Founder and senior colourist at Cheat
Trend prediction will always be an exercise in glass ball gazing but there are a lot of interesting observations on grading trends to take into 2023. I'll start with a caveat on trends in colour grading; I can say with confidence that it’s hard to identify overarching trends across the whole gamut of the work that we do as colourists as our work is as varied as the photography and subject matter we work with.
Trends are speeding up and also diversifying into subsets, perhaps reflective of culture and the polarisation we’ve seen in recent years, but also due to the increase in speed and dissemination through the proliferation of social media and user generated content. The democratisation of ‘grading’ the look and editing of video has given access to millions of users worldwide to alter their video content to enhance the feeling and mood of their moving images (or leave it completely ‘bare’), with billions of eyes paying attention. Brands and agencies are hurriedly trying to compete with a new form of content that strives to achieve authenticity and realism or has a low-fi feel.
For those brands and creatives going against the grain of mass consumer media, some trends are continuing from the 2000s/2010s. Highly polished commercial work, where the high-end camera formats continue to excel in image quality and fidelity, are being combined with new approaches in look development. Advancements in grading and the tools we have available means we can now refine much smaller ranges of the images we work with and find a level of perfectionism through grading alone that was once a pipe dream.
Adding HDR (high dynamic range) presentation to the mix this year thanks to broad support on Instagram, YouTube, websites and mobile devices will push this forward with a bigger canvas (more tonality and more colours available) to better showcase this extended detail and information as we see fit. I can’t wait to grade more commercials in HDR and think it’s a great way forward to keep developing our craft. This might just be the biggest trend of 2023.
On the other side of the spectrum, there is beauty in the mundane with a demand for more authentic imagery. For me, it’s about keeping a level of ‘honesty’ to the imagery as if the light and subject were captured perfectly and 'displayed' in a way that feels natural. Achieving this beautiful naturalism is extremely hard, it’s something we see AI struggle with. Faking it is hard. For me, it’s about authenticity, not realism.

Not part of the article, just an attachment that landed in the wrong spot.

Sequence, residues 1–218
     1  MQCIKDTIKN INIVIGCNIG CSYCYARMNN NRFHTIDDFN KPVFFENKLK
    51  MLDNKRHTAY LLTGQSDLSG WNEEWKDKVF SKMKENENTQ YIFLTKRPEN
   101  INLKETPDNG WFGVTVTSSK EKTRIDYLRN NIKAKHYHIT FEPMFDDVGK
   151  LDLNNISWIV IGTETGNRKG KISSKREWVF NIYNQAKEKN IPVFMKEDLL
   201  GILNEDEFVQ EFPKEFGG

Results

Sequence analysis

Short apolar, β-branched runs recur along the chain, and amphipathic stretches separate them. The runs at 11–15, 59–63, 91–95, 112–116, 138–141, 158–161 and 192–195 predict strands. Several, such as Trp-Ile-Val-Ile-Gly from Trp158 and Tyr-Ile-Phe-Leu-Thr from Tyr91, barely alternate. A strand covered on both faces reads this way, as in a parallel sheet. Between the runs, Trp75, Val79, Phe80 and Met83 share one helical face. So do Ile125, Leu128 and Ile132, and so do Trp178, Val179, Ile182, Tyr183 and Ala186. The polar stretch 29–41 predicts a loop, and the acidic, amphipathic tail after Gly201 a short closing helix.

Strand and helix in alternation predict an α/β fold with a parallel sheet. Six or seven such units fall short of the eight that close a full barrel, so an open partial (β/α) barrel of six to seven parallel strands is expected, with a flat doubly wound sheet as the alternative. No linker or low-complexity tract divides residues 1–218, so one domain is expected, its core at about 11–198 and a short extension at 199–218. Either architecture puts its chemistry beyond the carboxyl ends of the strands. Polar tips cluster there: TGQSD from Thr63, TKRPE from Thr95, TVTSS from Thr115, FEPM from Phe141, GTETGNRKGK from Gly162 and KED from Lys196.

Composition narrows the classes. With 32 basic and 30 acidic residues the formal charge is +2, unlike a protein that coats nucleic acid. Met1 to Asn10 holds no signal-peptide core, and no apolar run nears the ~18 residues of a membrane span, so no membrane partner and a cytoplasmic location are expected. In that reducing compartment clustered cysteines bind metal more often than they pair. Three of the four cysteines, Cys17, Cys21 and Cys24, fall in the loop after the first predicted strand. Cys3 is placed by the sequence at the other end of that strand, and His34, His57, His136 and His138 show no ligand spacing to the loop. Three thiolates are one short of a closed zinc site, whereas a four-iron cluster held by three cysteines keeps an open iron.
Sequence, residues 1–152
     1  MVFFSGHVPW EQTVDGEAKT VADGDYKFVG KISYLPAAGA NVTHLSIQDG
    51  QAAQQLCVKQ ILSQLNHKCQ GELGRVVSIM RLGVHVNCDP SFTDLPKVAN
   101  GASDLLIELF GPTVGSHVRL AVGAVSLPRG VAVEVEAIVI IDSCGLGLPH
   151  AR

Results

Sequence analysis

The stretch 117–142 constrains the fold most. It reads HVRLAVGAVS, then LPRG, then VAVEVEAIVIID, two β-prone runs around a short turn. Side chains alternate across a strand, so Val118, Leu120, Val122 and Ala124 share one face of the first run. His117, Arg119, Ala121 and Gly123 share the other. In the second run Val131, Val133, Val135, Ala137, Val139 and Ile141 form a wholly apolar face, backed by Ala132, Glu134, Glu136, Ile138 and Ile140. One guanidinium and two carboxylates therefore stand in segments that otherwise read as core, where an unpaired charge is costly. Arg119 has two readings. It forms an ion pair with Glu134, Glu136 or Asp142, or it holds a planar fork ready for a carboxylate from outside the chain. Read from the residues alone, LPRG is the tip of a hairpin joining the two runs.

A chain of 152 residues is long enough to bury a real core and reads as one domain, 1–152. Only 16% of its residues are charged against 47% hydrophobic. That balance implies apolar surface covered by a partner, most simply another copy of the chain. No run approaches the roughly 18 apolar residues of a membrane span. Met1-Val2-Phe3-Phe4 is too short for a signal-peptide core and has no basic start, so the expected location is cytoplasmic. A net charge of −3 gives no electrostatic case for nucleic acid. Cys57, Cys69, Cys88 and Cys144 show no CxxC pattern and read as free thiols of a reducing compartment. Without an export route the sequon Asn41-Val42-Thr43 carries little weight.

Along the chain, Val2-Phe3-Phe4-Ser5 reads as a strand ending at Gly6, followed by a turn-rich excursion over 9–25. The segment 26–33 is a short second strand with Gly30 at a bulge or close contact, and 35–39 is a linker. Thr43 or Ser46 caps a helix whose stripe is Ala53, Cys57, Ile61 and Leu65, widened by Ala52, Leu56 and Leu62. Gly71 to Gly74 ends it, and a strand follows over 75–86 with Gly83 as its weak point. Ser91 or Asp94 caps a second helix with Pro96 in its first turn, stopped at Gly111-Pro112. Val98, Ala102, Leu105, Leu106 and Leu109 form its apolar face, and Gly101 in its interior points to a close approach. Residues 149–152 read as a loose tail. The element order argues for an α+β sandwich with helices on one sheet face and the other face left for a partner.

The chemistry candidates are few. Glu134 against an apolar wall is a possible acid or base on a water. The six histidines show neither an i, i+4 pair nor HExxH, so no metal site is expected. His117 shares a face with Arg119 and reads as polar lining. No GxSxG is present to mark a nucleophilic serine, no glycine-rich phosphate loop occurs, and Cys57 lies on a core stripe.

One evergreen trend in the era of digital video that I’ve always been fascinated about is film emulation. The past century of images acquired on film has left us with a subconscious relationship between the look of a film and the stories being told on screen. As digitally acquired images became the norm there was a split between filmmakers embracing the new digital realism (think Danny Boyle, Matt Reeves, Robert Rodriguez, Steven Soderberg), filmmakers sticking with film (think Paul Thomas Anderson, Chris Nolan, Quentin Tarantino) and everyone in between that either wanted to emulate film or borrow elements of the film aesthetic and transplant that onto their digital imagery. Looping back to the mainstream and user-generated content, it has been fascinating to see this approach become populated through filters and plugins for social media content and end users.
For me, there are a lot of parallels between a chef and a colourist and with all the trends around us, it’s important to make our mark with the ingredients we are given to stand out from the crowd. Everyone can cook, some are chefs and some of those chefs set trends. With the support of the Harbor colour science team, Cheat will be at the end of that spectrum in 2023, whatever the ingredients.
In terms of culture, we've seen massive investments from tech companies into VR. We'll start seeing more virtual reality-driven content with Meta's investment in VR and the metaverse. We'll see how the technology progresses over the next few years, but it's exciting to think that there's an entirely new way to engage with content and advertising starting to form.
I’ve also seen so many talented colourists delving into social media, each with a different eye for colour and their take on some of those looks that may have felt overused in the past. I don't see any looks that feel overused right now. I think the growth we've had in the industry over the last few years has allowed more colourists to get their ‘look’ seen by more people. This has allowed everyone to get more creative, step out of their comfort zone, and try something new and fresh.
From the new generation of colourists and platforms to showcase work, the biggest thing we’ve gained in the industry is exposure. More of the general public is becoming aware of colour grading and how it can help shape the look and feel of a film or show you're watching. And when it comes to the platforms we use daily, they are constantly improving toolsets to help us achieve the looks we want faster and help spark new ideas for looks. Some tools can create surprisingly good mattes with the swipe of the mouse and a click of a button. It's a fascinating time as we'll begin to see massive improvements in efficiency for some of the tedious, less creative tasks we have to ask colourists to do, allowing us to create looks that wouldn't have been possible before.
I'm not really finding any particular trends in any jobs I've been working on recently. If anything, I have noticed more variety in looks, and more confidence from clients to achieve something that is unique to their content. As an operator, this is great. It means I get to stretch my creative muscles and keep things from getting stale. I would always encourage people to have their work stand on its own two feet anyway.